4. Personal Growth — an outcome of The Great Recession: Today, 40 percent of the workforce is independent contractors, freelancers, and solo entrepreneurs, and that shift came from people losing their jobs or not being able to get one during the Great Recession. Now we have our own gigs. This is a time to refine and strengthen your business, to experience personal growth. Yes, it will take work, and it’s a substantially important effort. In evolution, you either adapt to the specific environment you find yourself in … or you become a dinosaur. Don’t become a dinosaur.
  5. Nothing is more important than our health — We’ll learn this lesson with Coronavirus, and it will be a great one to remember.

From your experience or research what are five steps that each of us can take to effectively offer support to those around us who are feeling anxious? Can you explain?

I have a Masters in Digital Media from Georgia Tech, and it was a phenomenal experience. I learned much in grad school — perhaps most importantly, how to research. So, a few years ago when I was going through a particularly anxious time, it dawned on me I could learn more about stress and anxiety through research. It turns out the number one way to reduce stress and anxiety is talking to other people. So, talk to people.

Here are the 5 steps, including talking, I hope will help you during this stressful time:

  1. Talk. Talk to family, friends, peers and share your feelings, hear theirs. Also, it’s okay to simply talk about the weather, so to speak. Just talk. With social distancing, a walk is a nice way to enjoy a talk.
  2. Think rationally. Our emotions are almost exclusively impacted by the way we think. Anxiety and fear come from thinking something bad is going to happen. You’re smart, but you’re not a fortune teller. Learn the facts and think rationally.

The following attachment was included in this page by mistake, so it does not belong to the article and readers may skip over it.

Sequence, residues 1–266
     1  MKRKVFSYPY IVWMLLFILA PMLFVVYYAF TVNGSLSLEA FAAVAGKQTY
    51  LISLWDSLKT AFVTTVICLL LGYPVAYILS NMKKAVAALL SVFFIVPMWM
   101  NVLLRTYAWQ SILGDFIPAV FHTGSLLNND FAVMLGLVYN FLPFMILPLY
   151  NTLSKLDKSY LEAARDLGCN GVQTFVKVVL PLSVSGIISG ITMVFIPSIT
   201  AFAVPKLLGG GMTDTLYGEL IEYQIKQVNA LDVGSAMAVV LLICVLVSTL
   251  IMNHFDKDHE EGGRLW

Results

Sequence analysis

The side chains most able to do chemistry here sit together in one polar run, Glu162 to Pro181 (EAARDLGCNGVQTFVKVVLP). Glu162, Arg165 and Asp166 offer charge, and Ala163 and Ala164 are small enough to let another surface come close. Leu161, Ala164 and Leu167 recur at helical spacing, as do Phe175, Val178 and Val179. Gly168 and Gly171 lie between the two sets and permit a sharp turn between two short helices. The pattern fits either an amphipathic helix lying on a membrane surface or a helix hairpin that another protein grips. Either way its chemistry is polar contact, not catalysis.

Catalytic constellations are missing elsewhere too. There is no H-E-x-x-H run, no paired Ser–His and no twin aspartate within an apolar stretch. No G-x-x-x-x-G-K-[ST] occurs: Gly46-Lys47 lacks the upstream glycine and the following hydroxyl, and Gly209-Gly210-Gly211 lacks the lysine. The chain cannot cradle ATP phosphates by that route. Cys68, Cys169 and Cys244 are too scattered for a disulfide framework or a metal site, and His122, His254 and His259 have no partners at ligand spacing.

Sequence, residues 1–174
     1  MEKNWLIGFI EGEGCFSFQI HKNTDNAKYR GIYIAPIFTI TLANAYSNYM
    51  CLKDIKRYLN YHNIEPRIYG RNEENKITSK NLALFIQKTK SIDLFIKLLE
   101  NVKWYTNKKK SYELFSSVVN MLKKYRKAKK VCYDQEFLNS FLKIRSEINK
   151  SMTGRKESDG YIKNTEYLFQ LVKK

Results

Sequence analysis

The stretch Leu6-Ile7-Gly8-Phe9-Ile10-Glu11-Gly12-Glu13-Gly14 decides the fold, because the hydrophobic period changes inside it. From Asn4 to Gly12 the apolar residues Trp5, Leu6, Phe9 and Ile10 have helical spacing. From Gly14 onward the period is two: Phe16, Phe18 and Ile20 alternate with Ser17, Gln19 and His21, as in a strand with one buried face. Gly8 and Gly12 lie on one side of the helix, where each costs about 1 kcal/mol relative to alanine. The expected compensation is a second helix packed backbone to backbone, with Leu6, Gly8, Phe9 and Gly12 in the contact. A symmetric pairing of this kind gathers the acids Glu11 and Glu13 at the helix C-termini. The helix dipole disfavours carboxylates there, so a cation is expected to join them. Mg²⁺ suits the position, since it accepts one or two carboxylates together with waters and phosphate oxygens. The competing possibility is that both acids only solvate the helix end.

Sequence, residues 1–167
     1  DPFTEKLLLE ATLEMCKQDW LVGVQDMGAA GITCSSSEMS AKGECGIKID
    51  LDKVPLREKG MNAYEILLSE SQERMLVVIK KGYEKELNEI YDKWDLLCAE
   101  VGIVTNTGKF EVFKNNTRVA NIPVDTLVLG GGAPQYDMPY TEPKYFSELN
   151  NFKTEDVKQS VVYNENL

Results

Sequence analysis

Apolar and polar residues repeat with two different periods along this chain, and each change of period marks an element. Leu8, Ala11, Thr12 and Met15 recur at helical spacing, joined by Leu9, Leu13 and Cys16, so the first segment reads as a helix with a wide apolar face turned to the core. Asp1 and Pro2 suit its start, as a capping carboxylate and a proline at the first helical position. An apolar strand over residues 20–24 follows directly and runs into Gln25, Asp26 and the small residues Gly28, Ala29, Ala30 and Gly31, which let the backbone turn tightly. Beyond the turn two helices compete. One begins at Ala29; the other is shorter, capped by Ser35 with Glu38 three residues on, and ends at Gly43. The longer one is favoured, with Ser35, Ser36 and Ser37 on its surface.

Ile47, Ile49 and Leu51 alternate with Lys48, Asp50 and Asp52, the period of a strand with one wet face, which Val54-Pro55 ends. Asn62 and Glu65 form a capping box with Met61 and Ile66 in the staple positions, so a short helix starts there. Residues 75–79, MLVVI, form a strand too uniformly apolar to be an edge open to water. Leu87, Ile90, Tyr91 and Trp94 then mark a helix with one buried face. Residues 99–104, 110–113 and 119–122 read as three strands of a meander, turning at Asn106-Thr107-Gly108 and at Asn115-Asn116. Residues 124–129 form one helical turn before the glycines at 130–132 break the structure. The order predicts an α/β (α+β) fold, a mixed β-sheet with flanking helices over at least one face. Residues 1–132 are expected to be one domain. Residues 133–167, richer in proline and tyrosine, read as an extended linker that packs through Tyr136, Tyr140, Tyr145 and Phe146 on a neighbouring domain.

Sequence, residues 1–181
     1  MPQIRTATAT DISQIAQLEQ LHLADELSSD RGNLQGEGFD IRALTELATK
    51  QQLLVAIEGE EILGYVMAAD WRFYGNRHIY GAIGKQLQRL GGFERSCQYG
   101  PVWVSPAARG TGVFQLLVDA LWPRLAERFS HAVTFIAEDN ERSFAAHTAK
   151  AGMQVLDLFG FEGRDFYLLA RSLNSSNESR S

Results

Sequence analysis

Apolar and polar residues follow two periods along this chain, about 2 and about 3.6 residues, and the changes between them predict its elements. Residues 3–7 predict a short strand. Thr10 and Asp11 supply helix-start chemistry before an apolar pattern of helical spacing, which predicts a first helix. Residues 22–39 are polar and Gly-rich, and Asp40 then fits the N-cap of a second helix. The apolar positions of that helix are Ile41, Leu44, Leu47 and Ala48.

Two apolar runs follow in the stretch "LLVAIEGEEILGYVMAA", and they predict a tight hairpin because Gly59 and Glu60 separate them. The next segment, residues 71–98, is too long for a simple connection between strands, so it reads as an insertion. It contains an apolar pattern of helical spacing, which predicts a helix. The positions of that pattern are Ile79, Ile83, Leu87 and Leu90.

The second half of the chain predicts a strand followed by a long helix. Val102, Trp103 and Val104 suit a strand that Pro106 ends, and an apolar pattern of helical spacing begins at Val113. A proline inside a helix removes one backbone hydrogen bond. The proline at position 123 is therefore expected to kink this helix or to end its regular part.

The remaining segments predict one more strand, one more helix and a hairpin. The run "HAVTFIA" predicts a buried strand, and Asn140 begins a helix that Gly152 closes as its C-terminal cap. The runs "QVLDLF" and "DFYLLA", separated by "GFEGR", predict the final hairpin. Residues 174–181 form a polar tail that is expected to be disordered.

3. Get going. A productive day leaves little time to worry.
  4. Mix your media. Watching the “bad news” will undoubtedly have you worrying. Try reading, watching, listening to content that’s upbeat and positive … like this!
  5. Exercise. Our minds and our bodies depend on each other. Take good care of each.

What are the best resources you would suggest to a person who is feeling anxious?

The Feeling Good Handbook by David Burns is an excellent and inexpensive tool to manage the full range of emotions.

Can you please give us your favorite “Life Lesson Quote”? Do you have a story about how that was relevant in your life?

“When you get to water, build the bridge up.” — Lieutenant General Russel Honoré.

General Honoré is the leader who brought hope, direction, purpose, and a plan to New Orleans during the aftermath of Hurricane Katrina. It’s going to flood sometimes, so be prepared by constructing your own way around it — by having a plan, by putting that plan into action, and by letting others know why you’re doing the things you’re doing so they too can join in realizing success.

You are a person of great influence. If you could start a movement that would bring the most amount of good to the most amount of people, what would that be? You never know what your idea can trigger. 🙂

The “Make It Simple” Movement. Take care of yourself, don’t overcomplicate things. Right now, practice social distancing and in-place measures to be safe. Once we’re all happy, healthy and safe, remember to talk, remember to walk, remember to read happy articles, remember to stay focused, think rationally, be prepared, and show people you care about that you do care. It’s simple, really.

What is the best way our readers can follow you online?

Visit www.genekansas.com to read Good Stories, www.constellations.community to see community at work. Pop over to Instagram @gene_kansas for a guy who loves his family and the community of which they’re a part.

Thank you for these fantastic insights. We wish you only continued success in your great work!